When it was fifteen minutes past six, Paul and Jeroen gave up on finishing their shopping list of 30 or so items and hasted themselves to the guesthouse and took a taxi to the meeting place. There was a reason we were to meet at the rickshaws, because that would be the place everyone of the 70 teams would meet to be picked up with a bus to go to the party. The party was quite poor, so we got drunk playing drinking games and acted like idiots dancing crazy on goa and drumming on all kinds of tools.
The next day we had the third man down, Jeroen was on diarrhea that was above his capabilities. (Up to today he still holds the record of having to go to the toilet 15 times on one day). You see, two days before everyone did some spicy challenge eating peppers and other hot stuff. This gave diarrhea to most of the group but totally blew up Jeroen’s stomach. So he stayed home, while Joep and Paul would finish the last shopping lists before joining Bastiaan, Jesse and Raymond in pimping the rickshaws.
The atmosphere was tense and stressful as we only had one day left to pimp and fix everything. You could tell we were part of the teams that were latest in doing these things, so day work turned into working in the evening. It was hard work, but boy oh boy were we proud about the end result! Ladies and gentleman, we proudly present our two rickshaws Red Bows and Blue Guns!
That afternoon Joep had returned to the guesthouse as his fever had returned. Later he came to the conclusion that the description on his malaria medicines were wrong and he should’ve started a week before he entered India. He was stung by a mosquito on day one. So we called in a doctor to check upon him the next morning – the day of the start of the race. Things were not going smoothly at all.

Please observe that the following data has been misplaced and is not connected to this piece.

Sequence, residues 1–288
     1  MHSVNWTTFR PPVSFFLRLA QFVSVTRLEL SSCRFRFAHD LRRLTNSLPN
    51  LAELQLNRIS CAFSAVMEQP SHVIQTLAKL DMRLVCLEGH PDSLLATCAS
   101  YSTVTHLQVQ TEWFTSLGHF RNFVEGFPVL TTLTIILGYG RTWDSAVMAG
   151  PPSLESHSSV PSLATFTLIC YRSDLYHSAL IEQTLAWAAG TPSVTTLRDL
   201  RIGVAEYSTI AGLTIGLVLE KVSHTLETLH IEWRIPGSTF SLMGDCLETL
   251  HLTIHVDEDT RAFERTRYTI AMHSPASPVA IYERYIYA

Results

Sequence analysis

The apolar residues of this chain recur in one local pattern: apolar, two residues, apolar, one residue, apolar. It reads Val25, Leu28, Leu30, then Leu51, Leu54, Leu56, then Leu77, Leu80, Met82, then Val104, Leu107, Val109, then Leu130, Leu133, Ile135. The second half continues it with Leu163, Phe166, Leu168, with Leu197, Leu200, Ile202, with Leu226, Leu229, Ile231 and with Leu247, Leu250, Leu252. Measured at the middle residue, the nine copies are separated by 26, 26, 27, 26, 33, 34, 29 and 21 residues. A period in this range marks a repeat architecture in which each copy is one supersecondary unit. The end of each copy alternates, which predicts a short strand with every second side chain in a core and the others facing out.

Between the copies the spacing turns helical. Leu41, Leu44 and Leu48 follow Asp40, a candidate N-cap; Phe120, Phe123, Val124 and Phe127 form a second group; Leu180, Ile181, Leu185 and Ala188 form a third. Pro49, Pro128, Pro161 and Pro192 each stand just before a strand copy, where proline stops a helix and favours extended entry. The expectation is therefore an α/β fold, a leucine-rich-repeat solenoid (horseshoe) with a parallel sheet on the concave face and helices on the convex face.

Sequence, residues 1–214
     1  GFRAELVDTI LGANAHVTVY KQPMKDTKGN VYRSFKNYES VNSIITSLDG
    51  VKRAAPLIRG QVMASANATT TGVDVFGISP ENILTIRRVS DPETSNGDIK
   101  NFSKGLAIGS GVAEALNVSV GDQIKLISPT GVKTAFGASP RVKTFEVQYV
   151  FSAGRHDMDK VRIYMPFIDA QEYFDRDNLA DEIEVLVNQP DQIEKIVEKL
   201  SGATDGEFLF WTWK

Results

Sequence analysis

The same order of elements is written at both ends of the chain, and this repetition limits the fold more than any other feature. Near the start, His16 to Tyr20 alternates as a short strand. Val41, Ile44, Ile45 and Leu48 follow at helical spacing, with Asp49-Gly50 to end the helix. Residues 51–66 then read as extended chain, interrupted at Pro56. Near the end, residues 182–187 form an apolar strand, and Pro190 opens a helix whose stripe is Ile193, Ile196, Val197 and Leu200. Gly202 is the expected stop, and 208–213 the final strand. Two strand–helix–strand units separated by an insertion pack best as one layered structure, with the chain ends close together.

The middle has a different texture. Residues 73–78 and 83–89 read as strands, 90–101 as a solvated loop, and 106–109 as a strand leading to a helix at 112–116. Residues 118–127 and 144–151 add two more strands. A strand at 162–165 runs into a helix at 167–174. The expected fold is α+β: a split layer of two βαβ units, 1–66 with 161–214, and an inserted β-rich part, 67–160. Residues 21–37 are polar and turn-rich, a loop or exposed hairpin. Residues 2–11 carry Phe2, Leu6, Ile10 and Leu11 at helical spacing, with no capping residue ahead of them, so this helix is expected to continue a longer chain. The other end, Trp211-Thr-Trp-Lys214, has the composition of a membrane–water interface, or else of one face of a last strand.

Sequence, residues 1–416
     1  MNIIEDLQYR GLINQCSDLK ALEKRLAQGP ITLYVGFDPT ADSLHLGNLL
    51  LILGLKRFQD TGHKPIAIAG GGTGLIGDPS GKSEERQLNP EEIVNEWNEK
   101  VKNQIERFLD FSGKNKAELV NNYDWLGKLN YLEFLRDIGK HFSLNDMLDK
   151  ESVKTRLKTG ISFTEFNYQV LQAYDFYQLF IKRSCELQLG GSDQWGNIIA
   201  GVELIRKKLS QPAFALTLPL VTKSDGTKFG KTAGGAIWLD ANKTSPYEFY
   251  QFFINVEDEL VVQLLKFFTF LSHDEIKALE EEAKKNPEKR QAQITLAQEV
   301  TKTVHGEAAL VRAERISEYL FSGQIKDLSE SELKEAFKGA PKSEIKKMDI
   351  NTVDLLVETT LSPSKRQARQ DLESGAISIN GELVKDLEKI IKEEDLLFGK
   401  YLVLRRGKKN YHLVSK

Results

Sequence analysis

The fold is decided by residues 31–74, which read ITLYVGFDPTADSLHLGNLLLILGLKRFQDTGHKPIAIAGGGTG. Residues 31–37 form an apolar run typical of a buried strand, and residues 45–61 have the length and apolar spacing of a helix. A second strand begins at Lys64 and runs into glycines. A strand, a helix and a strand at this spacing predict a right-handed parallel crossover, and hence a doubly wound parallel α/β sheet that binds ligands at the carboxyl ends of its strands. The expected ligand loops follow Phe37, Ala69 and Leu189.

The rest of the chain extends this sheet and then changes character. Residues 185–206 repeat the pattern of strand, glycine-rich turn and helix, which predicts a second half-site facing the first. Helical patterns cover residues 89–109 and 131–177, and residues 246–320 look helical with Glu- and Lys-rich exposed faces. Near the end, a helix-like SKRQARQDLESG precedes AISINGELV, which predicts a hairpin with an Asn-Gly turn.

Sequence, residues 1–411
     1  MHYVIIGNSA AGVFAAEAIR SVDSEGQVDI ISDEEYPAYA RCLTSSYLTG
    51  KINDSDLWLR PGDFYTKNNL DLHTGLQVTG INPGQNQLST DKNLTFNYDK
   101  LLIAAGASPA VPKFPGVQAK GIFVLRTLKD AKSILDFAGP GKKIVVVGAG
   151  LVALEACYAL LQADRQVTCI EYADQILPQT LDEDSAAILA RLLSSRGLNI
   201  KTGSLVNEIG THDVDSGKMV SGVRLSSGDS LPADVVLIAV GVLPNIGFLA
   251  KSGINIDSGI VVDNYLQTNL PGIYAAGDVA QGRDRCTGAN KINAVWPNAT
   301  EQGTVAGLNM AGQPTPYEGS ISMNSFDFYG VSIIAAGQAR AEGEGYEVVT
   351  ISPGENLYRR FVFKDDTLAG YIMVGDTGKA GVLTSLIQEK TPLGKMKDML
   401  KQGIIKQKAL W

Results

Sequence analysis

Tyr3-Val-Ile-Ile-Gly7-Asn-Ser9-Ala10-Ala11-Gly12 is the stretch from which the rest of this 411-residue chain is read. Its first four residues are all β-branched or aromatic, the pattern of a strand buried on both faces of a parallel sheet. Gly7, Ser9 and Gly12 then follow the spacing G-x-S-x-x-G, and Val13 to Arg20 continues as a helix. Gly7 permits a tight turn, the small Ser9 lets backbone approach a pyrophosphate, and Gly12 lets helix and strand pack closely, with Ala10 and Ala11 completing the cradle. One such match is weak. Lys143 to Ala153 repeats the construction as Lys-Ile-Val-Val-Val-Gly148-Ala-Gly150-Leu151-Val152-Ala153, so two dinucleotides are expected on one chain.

The next morning Jeroen would stay with Joep to wait for the doctors while the rest would start the race. The plan was that Joep and Jeroen would catch up on a meeting place later. But of course we would screw it up a little more, because team ‘race start’ ended up forgetting the key of one of the rickshaws. So only one rickshaw ended up doing the start. Oh man oh man.
Turned out the doctor we ‘called in’ was part of a whole medical centre below the guesthouse we never even knew about that existed. Literally, if you would continue walking down the stairs from your room to the reception and then breakfast room, you would find a whole medical clinic of four floors! Yes we were super surprised as well. It turned out Joep didn’t have malaria, but they wouldn’t let him and Jeroen leave until both received proper medicine for what was left of their illness. Then a taxi took them to the meeting place, where we would have a massively delayed restart of our journey.
Everyone was having a blast driving the rickshaws. We were driving like true Indian people, overtaking everything we could, blowing that horn whenever we could find an excuse and added a little excitement of our own to the flavor by drifting on the wet curvy and surprisingly broad mountain highway. Oh yes, oh yes, this was it!
Four hours of good fun and then it happened.. our Red Bows rickshaw broke down.. on DAY ONE! Raymond is our number one guy for fixing the rickshaw, while Jesse is our backup. Raymond put up a courageous effort and was able to figure out what the problem was – a clogged carburetor. It was not something he could fix though, so Paul jumped in another rickshaw of a local to get a mechanic. One hour later and it was fixed.
We had already given up hope to go any further then Guwahati (where we landed when we arrived by plane), but now even that was uncertain. Less than an hour before it would turn dark, and we were at least three to four hours away from Guwahati….
In the next blog: Even more breakdowns, bad luck and questions like are we ever going to make it!?